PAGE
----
Update 2016-10-31: Thank you Doug Brown and Hal Rottenberg for collaborating over the weekend to clarify this post! -eric grant, Community Manager, Splunk Community
Update 2016-10-28: There have been a number of questions from readers about the specs recommended in this post. Splunk is working with the author to clarify the numbers, and stands by the author’s right to make performance recommendations, based on his experience, that differ from our official requirements. -eric grant, Community Manager, Splunk Community
(Hi all–welcome to the latest installment in the series of technical blog posts from members of the SplunkTrust, our Community MVP program. We’re very proud to have such a fantastic group of community MVPs, and are excited to share what we learn from them. –rachel perkins, Sr. Director, Splunk Community)
Hi, I’m Doug Brown, Information Security Analyst at Red Hat, and member of the SplunkTrust.
Over the last few years I’ve spoken with a number of Enterprise Security customers from different regions, and I’ve received mixed feedback about their deployments. The good news is that there are some easily-avoidable common pitfalls, and by being aware of these before engaging Splunk Professional Services, hopefully you’ll be able to derive the greatest value possible from Enterprise Security.
The most common issue I hear about is performance. There are a number of compounding reasons why this can be the case. Although the reference hardware for indexers suggests a minimum disk performance of 800 IOPS, the requirements for a production Enterprise Security deployment
is much greater. From my experience, I recommend the high-performance specifications for indexers. Splunk makes hacking at big, dodgy datasets look trivial, but there’s no avoiding the significant load required to perform these tasks. As such, ensure you have the necessary spec before Splunk Professional Services comes on site, because Splunk Enterprise, let alone Enterprise Security, will never fly without the necessary hardware. The de facto way we stress test IOPS is using bonnie++ (http://www.coker.com.au/bonnie++/). Just be sure to let your storage admins know before running the test.
Disk isn’t everything though–the operating system does make a difference. Your organisation might consider itself to be a “Windows shop”, but using an enterprise-grade Linux distribution is essential to good performance. Ensure that Transparent Huge Pages is turned off, and the default ulimits have been increased. Also, virtual doesn’t have to equal poor performance when it comes to Splunk. It’s true that certain virtualised configurations can be sub-optimal, but a well configured enterprise-grade hypervisor on good hardware, with LUNs presented from decent
storage can be just as good as bare metal, and provide greater flexibility.
Before Splunk Professional Services arrive, be sure to upgrade your existing Splunk Enterprise servers across your infrastructure. It will have to be done before Enterprise Security is installed anyway, so you may as well do it yourself. In this way, your time with Professional Services can be better spent on the deployment itself.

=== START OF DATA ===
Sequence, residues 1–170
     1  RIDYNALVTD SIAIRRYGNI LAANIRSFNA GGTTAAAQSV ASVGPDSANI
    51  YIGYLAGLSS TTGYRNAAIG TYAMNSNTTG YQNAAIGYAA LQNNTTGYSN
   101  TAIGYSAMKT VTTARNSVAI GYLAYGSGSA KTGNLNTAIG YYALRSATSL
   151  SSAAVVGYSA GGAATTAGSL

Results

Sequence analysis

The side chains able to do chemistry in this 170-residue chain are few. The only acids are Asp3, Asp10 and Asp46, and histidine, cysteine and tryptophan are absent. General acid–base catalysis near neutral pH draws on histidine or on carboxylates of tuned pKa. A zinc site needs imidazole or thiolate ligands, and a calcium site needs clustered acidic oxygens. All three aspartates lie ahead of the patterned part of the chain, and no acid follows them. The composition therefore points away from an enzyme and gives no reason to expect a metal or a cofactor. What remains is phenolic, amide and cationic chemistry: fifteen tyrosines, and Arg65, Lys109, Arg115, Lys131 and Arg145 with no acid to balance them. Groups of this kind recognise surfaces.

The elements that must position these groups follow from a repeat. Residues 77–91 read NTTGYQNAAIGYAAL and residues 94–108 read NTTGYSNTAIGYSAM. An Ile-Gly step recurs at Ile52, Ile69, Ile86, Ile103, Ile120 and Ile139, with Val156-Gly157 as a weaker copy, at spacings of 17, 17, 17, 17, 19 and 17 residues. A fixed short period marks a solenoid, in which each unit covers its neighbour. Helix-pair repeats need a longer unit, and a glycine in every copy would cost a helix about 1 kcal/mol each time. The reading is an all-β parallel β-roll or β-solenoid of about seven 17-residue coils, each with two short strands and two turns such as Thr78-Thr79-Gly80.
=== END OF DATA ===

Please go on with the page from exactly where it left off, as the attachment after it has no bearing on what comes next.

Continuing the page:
Well ahead of time, it’s important to identify your organisation’s obscure, custom, but important data sources that Enterprise Security needs to “see” (have mapped to the CIM). These are sources of information for which there isn’t an existing certified TA app on Splunkbase. For example, if your organisation has a custom SSO technology, speak with the subject matter experts to find out the key security-relevant events, and document them ready for PS. Better yet, write your own using Add-On Builder, then be awesome and release them under and Open Source license on Splunkbase.
Enterprise Security is all about enrichment, and underpinning that is the identity and asset lookups. Without this, the value you can derive from ES is significantly constrained. Keep in mind that PS won’t be able to produce these for you, as they don’t know your organisation. Find someone internally that can help you programmatically produce these lookups according to the format specified in the documentation (docs.splunk.com/Documentation/ES/latest/User/AssetandIdentityLookupReference). This will likely require a significant investment of time and energy to munge and hack data from from various sources, but it’s well worth the effort. Don’t worry too much about populating fields you don’t care about or don’t have a source of truth for (‘priority’ being the exception). In fact, less can be more, as those lookups have to be propagated to the search peers (indexers) at search time. If they’re too big, it can cause performance issues, so try to keep them a reasonable size (ideally below 10MB each).
If Enterprise Security is to be installed in a search head cluster, be sure to have ready a fresh Linux virtual machine that PS can use for staging. There are no spec requirements for the staging machine, anything will do. Finally, if using a proxy, ask Professional Services for the list of Enterprise Security’s threat feeds so you can configure your proxy settings beforehand.
Good luck with your preparation and be sure to check back here soon for the next installment in this series where we’ll discuss what to do when Splunk Professional Services arrive.
Thanks to Rachel and Alison Perkins, Simon Duff, Russ Uman, Joshua Rodman, and the many SplunkTrust members whose feedback helped shape this post. May the advice here help improve the security of organisations great and small.